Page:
Lawrence Medal '09, bachelor of science '80
Oscar-winning film editor began with ‘zero experience’
Film editor and UO alumnus Joe Hutshing is a two time Academy Award Winner for Best Editing for the films JFK and Born on the Fourth of July, both directed by filmmaker Oliver Stone. With a career spanning more than twenty-five years, Hutshing has edited films with some of the most respected directors in Hollywood, including Robert Redford (Lions for Lambs), Spike Jonze (Being John Malkovich), Curtis Hanson (The River Wild), Adrian Lyne (Indecent Proposal), Lawrence Kasdan (French Kiss), and John Woo (Broken Arrow). A frequent collaborator with Stone, Hutshing has edited other films by Stone including The Doors, Talk Radio, W, and Savages.
Above: Joe Hutshing (left) accepts his Academy Award forJerry Maguire in 1989, with David Brenner.
Hutshing earned Academy Award nominations for Cameron Crowe’s Almost Famous and Jerry Maguire and teamed with Crowe on Vanilla Sky and again on We Bought a Zoo. He has done a trio of films with Nancy Meyers: It’s Complicated, for which he received an American Cinema Editors’ Eddie Award nomination; The Holiday; and Something’s Gotta Give. In 2003 he won an Emmy Award for editing HBO’s “Live From Baghdad.” He was elected to the American Cinema Editors (ACE) in 1991.
After receiving his bachelor’s degree in fine and applied art from UO in 1980, Hutshing moved to Los Angeles and began bartending. He had moved to L.A. for the same reason many young people move there—to work in the film industry. Fresh from UO, the fine arts major hadn’t taken many film classes but this was the late 1970s, when so many iconic movies—Annie Hall, Taxi Driver, Apocalypse Now—were screening in Eugene. They captured his attention and imagination, and inspired him.
“I didn’t realize how slim the chances were,” he said of his plunge into Hollywood. “But I had a lot of confidence. I knew what my strengths were. I hoped I could tell a story visually and keep people from being bored.”
Leaving viewers bored wasn’t in the cards for him. As a successful Hollywood film editor, Hutshing returned to Eugene in June 2009 to accept the Ellis F. Lawrence Medal for his, by then, outstanding filmography.
“I had exactly zero experience” when he arrived in L.A., he told writer Robin Rowe in a 2007 cover story in Editors Guild magazine. “All I knew how to do was edit music cassettes for myself and friends. I thought, ‘How hard could it be? It’s only music with an extra video track.’ ” He was asked to edit a video documentary on five Los Angeles artists, for which he wasn’t paid a cent but earned plenty in experience.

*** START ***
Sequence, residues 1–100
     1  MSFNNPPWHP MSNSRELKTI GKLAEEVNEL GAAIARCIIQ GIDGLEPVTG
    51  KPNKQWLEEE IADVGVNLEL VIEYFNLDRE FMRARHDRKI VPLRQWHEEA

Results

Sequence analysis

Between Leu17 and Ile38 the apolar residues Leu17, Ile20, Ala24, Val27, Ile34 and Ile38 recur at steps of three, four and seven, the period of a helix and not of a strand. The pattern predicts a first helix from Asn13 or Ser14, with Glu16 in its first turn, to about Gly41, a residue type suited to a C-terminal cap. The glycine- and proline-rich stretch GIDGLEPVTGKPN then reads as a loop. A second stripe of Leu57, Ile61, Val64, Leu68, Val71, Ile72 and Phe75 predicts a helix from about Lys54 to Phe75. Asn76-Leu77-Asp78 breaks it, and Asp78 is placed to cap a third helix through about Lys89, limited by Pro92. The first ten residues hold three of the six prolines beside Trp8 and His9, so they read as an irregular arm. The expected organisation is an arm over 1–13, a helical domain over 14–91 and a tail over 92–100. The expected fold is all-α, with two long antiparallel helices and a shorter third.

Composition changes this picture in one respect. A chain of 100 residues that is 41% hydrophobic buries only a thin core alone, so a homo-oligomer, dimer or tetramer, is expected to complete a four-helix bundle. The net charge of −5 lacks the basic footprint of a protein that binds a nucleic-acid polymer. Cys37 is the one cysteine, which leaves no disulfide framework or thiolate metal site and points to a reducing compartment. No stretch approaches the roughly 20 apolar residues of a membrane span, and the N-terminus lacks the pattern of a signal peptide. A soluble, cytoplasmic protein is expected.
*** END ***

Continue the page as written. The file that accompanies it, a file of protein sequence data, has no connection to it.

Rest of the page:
“I just read the manuals and pretty much taught myself how to edit,” Hutshing told Rowe. “It was a matter of trying things, making mistakes and then correcting them…again and again.”
While bartending at night, Hutshing started editing during the day for film students, Rowe writes. Hutshing worked his way up to become assistant sound editor on Ferris Bueller’s Day Off, then was hired as a sound assistant on The Princess Bride. His big break came in 1987 with Wall Street, directed by Oliver Stone, who went on to hire Hutshing for several other films including JFK, for which Hutshing also received a British Academy Award and the highest award an editor can receive from his fellow editors, the ACE Eddy.
“JFK was an amazing experience because we had to cut it on a linear three-quarter-inch cuts-only editing system; Avid and Lightworks had yet to be invented,” Hutshing told Rowe in the Editors Guild story. “JFK utilized many different kinds of media: 35mm, 16mm, 8mm, surveillance footage, photos, etc. and would have cost a fortune to transfer to 35mm kinescopes.”
By then Hutshing had become accustomed to the 100-hour work weeks typical in the industry. “It was debilitating, so much work you can’t believe it. It’s a labor-intensive business no matter what aspect you’re in,” he told an A&AA writer in 2009 for a story on his award of the Lawrence Medal.
The Academy of Motion Picture Arts and Sciences and the American Cinema Editors both invited Hutshing to join in 1991. In 2007 he was named “Editor of the Year” at the Hollywood Film Festival.
“It just worked out that doors opened for me in film, as a vocation, as a paid job,” he says. Of the Oscars, he adds, “It’s something that can never be taken away from you.”
Above: Hutshing added an Emmy (statue on right) to his collection for editing HBO’s “Live From Baghdad.”
Above: In 2009, A&AA presented Hutshing with the Lawrence Medal.